When dinner finishes, the eight of us get up from the table, functioning like a well-oiled machine to complete dinner cleanup, which usually takes us ten minutes—1, 2, 3 fruit. When we arrive at a church for a conference, each person begins to accomplish their part of the set up process without needing instruction or prodding from Steve or me—1, 2, 3 fruit. When we recently spent time with friends and helped them paint their house, everyone worked hard to get the job done, even cutting down on sleep to complete the project in the available time—1, 2, 3 fruit. We think the basis for young adults who are willing and able to work came from consistent chore work in our home in their earlier years.
Steve has been writing a series of Dad’s Corners about some basics of being self-employed. We know many dads who have a dream of self-employment, especially something that will allow him to have more time with his family. “Seest thou a man diligent in his business? he shall stand before kings; he shall not stand before mean men” (Proverbs 22:29). Did you know the fulfillment of a dream of self-employment for your children can begin right now in your home through a chore system?
Children who grow up on a diet of entertainment and self-indulgence will have more difficulty developing the self-discipline and initiative needed for self-employment and even in-the-home work projects than the child who has been given chore responsibility and taught to fulfill it. “Go to the ant, thou sluggard; consider her ways, and be wise: Which having no guide, overseer, or ruler, Provideth her meat in the summer, and gathereth her food in the harvest” (Proverbs 6:6-8). There are so many benefits of children doing chores in your home. We want to encourage you not to miss out on all that your children will gain from chore responsibility—1, 2, 3 fruit!
Summer provides the perfect opportunity for making or revising your children’s chore system. During the school year, you will need that well-oiled, efficient team working together to accomplish what should be done in your home each day—1, 2, 3 fruit. In order to make that a reality, I suggest you invest time during the summer working on your chore system and implementing the system if it is new or the revisions if you have already been using a chore system.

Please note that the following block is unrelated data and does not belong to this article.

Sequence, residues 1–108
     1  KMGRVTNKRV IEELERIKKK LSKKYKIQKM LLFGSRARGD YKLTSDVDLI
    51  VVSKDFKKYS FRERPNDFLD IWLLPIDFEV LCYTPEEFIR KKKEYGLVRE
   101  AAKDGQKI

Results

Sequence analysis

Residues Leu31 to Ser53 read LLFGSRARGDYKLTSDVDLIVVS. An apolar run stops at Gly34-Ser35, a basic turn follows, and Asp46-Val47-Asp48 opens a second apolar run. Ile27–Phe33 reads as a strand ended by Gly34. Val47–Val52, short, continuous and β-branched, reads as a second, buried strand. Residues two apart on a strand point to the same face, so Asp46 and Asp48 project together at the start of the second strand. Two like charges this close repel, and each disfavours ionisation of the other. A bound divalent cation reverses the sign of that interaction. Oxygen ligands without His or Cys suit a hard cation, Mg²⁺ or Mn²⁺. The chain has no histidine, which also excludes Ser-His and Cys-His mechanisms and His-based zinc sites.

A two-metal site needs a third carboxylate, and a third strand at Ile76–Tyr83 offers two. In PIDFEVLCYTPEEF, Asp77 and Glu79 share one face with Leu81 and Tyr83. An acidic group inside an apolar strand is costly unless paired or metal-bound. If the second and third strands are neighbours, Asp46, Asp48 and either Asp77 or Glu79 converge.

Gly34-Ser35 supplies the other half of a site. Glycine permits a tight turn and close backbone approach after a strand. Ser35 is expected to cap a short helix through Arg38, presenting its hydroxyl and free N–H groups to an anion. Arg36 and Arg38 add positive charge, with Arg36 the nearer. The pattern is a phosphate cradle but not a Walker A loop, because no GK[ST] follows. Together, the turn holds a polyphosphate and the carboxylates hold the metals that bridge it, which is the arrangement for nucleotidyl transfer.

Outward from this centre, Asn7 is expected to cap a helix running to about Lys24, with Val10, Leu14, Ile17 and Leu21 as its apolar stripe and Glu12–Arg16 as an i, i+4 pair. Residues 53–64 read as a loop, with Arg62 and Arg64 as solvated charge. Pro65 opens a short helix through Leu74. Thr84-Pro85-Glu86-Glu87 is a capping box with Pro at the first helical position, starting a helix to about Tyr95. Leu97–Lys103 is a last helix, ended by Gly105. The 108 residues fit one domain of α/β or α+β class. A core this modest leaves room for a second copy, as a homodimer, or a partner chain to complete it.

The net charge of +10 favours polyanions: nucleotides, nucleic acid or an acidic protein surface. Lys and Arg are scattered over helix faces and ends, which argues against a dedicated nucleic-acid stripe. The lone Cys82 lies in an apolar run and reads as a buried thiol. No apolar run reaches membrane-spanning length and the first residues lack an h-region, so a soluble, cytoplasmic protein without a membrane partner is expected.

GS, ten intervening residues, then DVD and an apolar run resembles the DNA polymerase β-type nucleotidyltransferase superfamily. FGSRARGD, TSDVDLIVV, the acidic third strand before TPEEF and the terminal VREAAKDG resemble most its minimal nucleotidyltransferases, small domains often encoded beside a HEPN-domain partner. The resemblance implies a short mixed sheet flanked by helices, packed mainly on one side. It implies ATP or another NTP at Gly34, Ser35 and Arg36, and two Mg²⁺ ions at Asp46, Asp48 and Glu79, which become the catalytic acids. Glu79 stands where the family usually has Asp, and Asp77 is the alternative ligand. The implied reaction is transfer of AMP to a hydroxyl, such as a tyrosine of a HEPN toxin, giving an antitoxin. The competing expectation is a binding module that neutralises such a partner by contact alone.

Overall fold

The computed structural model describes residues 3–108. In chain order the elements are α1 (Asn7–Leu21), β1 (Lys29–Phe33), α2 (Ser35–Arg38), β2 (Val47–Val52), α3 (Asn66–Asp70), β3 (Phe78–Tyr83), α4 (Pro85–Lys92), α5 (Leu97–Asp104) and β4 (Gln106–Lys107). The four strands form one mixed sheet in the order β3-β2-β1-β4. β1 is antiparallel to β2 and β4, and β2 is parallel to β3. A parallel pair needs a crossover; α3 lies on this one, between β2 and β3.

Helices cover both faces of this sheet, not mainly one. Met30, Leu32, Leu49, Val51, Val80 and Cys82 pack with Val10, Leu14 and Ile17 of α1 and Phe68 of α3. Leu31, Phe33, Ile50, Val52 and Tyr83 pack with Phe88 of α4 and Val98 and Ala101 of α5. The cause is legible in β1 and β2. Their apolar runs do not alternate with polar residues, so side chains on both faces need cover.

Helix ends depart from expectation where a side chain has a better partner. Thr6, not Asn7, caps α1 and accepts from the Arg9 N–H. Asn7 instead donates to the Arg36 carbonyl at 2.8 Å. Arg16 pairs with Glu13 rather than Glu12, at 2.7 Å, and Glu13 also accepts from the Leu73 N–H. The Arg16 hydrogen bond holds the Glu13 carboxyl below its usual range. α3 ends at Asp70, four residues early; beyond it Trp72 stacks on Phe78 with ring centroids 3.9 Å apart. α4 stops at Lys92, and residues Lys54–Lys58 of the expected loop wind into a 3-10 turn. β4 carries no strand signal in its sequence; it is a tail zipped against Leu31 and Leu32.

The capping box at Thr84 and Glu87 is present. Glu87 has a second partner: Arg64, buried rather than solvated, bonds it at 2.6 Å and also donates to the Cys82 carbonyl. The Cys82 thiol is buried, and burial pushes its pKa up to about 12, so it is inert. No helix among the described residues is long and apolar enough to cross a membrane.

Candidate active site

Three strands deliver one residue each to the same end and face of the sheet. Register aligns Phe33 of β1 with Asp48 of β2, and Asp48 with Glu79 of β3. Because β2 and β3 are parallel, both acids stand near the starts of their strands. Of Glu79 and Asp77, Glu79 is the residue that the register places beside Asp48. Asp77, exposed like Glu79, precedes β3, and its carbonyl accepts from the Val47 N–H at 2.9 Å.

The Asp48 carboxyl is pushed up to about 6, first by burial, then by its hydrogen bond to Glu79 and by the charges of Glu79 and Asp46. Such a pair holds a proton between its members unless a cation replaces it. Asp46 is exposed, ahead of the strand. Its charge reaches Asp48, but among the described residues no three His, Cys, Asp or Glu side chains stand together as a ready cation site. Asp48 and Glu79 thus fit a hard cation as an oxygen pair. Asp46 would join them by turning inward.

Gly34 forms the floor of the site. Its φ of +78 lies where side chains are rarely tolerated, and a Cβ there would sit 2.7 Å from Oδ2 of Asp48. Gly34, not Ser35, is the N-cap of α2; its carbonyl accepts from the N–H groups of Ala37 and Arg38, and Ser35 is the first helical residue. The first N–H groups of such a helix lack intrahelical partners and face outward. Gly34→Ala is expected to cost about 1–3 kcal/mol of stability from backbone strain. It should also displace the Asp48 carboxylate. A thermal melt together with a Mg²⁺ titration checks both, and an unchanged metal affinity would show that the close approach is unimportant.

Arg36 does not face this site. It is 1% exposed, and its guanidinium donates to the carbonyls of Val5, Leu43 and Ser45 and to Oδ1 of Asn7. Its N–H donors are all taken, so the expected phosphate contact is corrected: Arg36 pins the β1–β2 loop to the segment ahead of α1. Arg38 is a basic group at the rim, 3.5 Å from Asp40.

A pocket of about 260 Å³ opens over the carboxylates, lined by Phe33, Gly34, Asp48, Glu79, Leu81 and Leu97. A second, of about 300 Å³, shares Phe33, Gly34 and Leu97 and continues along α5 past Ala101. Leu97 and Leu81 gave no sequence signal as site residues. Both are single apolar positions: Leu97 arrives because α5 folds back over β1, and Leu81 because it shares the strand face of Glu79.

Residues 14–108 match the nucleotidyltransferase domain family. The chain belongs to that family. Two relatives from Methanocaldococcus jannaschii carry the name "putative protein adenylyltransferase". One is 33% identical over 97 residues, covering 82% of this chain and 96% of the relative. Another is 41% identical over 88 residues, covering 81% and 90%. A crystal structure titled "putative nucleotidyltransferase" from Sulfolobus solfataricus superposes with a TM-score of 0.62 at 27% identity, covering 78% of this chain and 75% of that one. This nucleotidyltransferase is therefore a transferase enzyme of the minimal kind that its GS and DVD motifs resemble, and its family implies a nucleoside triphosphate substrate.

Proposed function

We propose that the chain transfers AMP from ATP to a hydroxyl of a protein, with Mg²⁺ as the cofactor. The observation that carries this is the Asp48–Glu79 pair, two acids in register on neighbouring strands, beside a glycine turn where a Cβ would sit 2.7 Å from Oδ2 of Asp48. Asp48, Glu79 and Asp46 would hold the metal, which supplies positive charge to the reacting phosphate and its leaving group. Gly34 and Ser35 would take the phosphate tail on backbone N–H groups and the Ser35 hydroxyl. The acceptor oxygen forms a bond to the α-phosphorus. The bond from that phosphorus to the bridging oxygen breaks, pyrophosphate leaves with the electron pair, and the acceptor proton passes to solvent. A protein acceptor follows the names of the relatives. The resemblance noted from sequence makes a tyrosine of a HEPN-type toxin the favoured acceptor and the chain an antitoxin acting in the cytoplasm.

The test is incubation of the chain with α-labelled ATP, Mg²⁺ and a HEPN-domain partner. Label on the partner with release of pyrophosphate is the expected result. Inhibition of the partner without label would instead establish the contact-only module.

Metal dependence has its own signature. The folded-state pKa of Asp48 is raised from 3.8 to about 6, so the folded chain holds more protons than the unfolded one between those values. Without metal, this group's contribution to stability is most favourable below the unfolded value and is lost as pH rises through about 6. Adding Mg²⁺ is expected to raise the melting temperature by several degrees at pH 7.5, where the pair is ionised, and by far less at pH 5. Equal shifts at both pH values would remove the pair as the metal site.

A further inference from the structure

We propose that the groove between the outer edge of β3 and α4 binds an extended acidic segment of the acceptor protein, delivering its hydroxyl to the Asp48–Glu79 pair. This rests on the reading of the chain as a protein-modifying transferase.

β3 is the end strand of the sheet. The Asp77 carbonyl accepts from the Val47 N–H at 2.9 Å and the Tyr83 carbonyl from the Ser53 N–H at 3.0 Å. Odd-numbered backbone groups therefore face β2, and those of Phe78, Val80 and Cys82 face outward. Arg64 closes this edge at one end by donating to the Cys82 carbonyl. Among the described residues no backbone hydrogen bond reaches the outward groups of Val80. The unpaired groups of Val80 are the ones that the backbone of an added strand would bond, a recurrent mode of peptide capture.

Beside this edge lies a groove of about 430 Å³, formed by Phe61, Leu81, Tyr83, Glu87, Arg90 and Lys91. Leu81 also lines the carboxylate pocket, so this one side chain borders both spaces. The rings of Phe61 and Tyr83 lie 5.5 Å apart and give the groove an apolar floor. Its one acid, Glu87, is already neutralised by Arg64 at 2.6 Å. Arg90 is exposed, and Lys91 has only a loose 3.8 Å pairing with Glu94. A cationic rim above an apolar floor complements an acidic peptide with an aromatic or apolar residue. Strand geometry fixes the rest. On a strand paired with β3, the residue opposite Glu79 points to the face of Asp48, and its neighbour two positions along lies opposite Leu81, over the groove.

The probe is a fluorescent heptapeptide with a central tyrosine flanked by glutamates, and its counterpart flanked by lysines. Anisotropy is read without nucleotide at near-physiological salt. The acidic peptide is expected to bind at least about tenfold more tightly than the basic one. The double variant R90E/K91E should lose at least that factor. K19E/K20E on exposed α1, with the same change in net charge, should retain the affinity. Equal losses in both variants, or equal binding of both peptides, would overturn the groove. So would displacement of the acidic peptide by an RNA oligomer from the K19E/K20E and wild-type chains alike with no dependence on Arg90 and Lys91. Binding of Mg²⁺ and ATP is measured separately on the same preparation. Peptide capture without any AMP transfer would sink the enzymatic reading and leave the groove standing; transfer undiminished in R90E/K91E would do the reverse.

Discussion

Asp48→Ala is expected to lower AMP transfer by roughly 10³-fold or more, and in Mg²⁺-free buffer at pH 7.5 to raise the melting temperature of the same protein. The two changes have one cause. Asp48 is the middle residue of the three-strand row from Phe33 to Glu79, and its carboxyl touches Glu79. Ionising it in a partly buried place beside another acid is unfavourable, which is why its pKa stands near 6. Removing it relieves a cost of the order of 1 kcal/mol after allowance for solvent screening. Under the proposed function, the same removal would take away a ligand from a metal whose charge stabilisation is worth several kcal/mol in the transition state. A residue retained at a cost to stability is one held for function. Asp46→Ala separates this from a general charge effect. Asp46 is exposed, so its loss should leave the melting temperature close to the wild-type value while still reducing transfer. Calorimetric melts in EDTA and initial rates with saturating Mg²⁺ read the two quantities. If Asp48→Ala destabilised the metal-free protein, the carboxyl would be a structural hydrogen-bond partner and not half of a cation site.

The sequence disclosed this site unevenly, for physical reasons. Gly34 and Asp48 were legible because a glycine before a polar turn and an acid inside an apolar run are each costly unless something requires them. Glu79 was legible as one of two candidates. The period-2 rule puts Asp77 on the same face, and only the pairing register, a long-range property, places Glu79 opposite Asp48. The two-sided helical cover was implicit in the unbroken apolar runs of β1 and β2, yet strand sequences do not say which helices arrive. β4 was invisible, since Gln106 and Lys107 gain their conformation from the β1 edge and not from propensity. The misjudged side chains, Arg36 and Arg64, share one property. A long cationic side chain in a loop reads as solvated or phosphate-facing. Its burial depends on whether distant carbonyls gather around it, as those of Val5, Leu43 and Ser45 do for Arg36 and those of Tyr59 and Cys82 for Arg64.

Without all the time of school and study that fills the typical school season, children are available for learning how to do chores. Mom has time to work with her children to show them what they are to do, when they are to do it, and how they are to do it. She will also be more available for the oversight needed to help the children perfect and polish their chore skills.
Many moms need help with the details that would go into a chore system from what chores to assign their children, to how to schedule the chores, to how to check chores, and what consequences to use if the chores aren’t done. That is why we wrote Managers of Their Chores.
We struggled with those details with our older children, but with prayer and experience, the Lord began showing us viable options for making a productive, effective chore system that we were able to share with others in Managers of Their Chores. We can see the results in our children’s lives (ages 16 to 36) of having benefitted from chore responsibility growing up—1, 2, 3 fruit. “The hand of the diligent shall bear rule: but the slothful shall be under tribute” (Proverbs 12:24). If chores are a struggle in your home, we encourage you to get Manager of Their Chores and let it help you to success as it has for many others.
I know this part of the Mom’s Corner sounds like a sales pitch, and truly it is. The small amount of money you will invest in the tool of Managers of Their Chores and maybe ChoreWare is nothing compared to the harvest you will reap if you utilize the information it contains. We have seen this material transform countless homes and bring renewed joy, productivity, and contentment to nagging moms who were frustrated and at their wits’ end concerning their children and chores. We want to see you successful in this area, and we know Managers of Their Chores is a key to that success.
There are moms who will tell me they are weary fighting their children to get them to do chores. “And let us not be weary in well doing: for in due season we shall reap, if we faint not” (Galatians 6:9). Perhaps I can give you some advice to help you get back onto the battlefield with determination and courage. “Be strong and of a good courage . . .” (Joshua 1:6).